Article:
In one scene, they recall when their father Olu Dara Jones was so disgusted with the quality of their junior high that he encouraged them to drop out after either grade and focus their energies on pursuing a vocation they could use in life. In another, the brothers describe the night when Nas's best friend was shot to death shortly after the three of them returned from watching Aliens III. And in a scene that drew roars of laughter from the crowd, Nas explains his ambivalence over KRS-One's "South Bronx"-- the song was meant to one-up Queensbridge-native MC Shan's hit "The Bridge" and Nas wanted to hate on it for that, but it was just too good to hate on.
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Time Is Illmatic is at its best when it gets wonky, diving deep behind the scenes of the album, burrowing into the nuances of what made it great. For instance: Q-Tip lecturing on how a single bar from "One Love" ("I heard he looks like ya. Why don't your lady write ya?") captures precisely how the prison system destroys low-income black communities.
The film's mild flaw is that these moments don't come often enough. Half of this doc is biography, with historical context and personal dramas leading up to the album's release. Half is a track-by-track retrospective exploring Nas's vision for the songs, each one offering an interesting production story and a particular chapter of the Illmatic narrative. But squeeze the two halfs together and the product feels condensed, rushed at times, like having a double cheeseburger taken away after two bites. In the doc's opening, a series of hip-hop hall of famers gush about how great and revolutionary Illmatic is, but after that the film seems to skim over the details of what exactly made it so great and revolutionary.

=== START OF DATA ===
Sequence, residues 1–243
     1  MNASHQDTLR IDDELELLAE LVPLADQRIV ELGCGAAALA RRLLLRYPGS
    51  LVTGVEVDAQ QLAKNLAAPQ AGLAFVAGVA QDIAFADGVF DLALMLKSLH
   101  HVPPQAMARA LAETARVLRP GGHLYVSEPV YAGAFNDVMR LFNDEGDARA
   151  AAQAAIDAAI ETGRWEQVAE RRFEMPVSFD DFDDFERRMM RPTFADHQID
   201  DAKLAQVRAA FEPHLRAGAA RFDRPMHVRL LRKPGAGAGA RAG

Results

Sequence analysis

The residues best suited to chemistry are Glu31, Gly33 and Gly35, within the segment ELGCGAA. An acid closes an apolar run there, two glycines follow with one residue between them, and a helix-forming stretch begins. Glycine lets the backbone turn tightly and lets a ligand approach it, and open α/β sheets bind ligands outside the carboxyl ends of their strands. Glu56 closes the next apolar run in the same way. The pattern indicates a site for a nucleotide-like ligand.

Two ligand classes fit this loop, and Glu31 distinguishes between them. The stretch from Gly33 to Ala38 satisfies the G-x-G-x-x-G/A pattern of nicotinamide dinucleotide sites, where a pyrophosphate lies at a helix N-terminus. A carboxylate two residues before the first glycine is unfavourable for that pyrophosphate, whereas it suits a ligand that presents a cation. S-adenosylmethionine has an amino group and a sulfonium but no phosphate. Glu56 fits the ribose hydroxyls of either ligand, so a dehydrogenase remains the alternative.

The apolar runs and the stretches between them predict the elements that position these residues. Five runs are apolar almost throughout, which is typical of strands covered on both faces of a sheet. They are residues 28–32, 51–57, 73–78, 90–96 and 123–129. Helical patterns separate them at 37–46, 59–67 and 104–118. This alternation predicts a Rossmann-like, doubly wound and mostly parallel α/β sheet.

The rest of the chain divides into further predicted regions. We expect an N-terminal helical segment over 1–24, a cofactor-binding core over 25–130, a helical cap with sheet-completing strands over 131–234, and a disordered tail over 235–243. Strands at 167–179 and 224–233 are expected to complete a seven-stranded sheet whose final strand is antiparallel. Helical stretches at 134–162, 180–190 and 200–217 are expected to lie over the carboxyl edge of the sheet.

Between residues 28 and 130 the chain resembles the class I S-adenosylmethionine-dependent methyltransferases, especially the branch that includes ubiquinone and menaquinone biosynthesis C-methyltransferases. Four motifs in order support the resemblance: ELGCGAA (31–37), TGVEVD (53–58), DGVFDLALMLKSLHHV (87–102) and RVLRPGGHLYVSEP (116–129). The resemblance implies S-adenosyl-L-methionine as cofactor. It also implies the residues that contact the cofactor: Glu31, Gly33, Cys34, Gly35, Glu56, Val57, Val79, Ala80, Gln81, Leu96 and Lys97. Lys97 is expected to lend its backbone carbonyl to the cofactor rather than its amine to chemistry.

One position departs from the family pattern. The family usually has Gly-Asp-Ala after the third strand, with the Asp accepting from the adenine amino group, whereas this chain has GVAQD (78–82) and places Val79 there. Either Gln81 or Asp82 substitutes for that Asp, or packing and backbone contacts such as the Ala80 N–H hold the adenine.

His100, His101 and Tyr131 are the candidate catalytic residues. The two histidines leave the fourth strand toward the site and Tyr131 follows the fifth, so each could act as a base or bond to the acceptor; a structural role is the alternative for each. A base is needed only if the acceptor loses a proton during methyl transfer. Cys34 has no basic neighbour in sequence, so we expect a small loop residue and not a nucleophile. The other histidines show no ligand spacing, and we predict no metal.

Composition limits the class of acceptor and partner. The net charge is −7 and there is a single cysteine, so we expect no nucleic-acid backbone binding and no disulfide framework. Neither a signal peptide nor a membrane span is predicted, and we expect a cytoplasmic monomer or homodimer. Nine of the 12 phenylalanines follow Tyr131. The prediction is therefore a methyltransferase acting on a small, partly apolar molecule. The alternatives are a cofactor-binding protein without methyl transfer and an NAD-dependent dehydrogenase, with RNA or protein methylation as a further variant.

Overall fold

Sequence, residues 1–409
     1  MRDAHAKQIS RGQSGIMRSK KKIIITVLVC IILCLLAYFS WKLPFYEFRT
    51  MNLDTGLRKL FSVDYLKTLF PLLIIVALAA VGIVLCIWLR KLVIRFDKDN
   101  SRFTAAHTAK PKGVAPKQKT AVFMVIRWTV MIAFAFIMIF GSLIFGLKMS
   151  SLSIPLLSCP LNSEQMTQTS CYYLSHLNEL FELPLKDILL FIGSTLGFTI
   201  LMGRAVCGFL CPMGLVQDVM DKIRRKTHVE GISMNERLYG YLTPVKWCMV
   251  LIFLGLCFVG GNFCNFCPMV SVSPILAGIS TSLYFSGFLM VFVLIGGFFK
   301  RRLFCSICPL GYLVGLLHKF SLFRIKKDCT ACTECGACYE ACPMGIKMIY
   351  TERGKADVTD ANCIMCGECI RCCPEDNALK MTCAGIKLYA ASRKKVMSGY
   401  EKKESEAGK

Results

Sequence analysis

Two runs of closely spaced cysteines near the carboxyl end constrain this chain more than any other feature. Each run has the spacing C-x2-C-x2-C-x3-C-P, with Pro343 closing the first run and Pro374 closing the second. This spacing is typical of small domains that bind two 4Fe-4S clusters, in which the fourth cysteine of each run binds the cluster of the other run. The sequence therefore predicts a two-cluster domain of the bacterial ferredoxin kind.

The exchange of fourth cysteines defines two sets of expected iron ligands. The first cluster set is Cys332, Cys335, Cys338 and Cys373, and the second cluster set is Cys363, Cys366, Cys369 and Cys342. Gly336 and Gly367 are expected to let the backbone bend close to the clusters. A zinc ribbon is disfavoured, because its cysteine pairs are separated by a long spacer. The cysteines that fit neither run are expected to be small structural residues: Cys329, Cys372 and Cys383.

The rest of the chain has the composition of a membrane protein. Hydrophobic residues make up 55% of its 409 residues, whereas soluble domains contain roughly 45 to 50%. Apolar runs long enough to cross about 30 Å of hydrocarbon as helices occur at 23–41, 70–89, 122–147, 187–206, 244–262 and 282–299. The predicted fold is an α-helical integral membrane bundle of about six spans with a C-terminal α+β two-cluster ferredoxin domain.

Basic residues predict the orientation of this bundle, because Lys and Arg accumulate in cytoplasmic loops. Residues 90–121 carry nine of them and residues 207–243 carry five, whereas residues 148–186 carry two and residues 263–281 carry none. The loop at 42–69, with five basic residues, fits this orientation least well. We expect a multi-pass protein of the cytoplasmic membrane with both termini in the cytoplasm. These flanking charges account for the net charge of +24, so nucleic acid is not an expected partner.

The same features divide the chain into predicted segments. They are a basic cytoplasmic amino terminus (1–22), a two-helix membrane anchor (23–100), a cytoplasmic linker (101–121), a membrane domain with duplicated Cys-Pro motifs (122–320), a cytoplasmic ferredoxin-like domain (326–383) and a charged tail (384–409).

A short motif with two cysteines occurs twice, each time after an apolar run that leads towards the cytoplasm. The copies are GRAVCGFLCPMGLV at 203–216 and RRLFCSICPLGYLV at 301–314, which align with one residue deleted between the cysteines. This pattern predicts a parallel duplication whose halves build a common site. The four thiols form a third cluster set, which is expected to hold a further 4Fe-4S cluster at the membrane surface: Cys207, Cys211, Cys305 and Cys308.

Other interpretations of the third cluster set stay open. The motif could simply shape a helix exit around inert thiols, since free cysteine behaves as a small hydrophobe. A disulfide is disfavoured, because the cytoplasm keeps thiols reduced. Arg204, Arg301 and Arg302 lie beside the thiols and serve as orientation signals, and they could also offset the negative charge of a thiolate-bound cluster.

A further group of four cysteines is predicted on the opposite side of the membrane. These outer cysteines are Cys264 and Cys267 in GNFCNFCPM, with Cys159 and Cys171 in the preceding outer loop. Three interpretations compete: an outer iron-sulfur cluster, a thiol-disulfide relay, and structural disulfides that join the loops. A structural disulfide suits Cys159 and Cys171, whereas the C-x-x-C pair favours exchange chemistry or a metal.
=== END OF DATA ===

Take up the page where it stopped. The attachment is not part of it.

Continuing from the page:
But perhaps that's beside the point. For hip-hop fans hold the greatness of Illmatic to be self-evident. When the film shows clips of Nas performing those songs, the lyrics are scrolling right there on the bottom of the screen, for all to reflect on and appreciate. Time Is Illmatic is a treat from start to finish because it is a 74 minute conversation about Illmatic. There is too much compelling content to think about what's missing while you're watching. It only hits you when the credits start to roll and you think, Oh that's all?, but by that point you're pulling out the iPhone ready to listen to hip-hop's greatest album with fresh ears.
Seconds after the credits began to roll in the Beacon Theater, Illmatic's opening track was pouring through the speakers. A curtain rose and there was DJ Green Lantern at the turntables and Alicia Keys at the piano. Then out came Nas, ready to perform the Great American Rap Album, fresh from a costume change, in a black beanie, a black jacket, and brown Timbs, a bottle of cognac in one hand and a mic in the other.
Send story tips to the author, Albert Samaha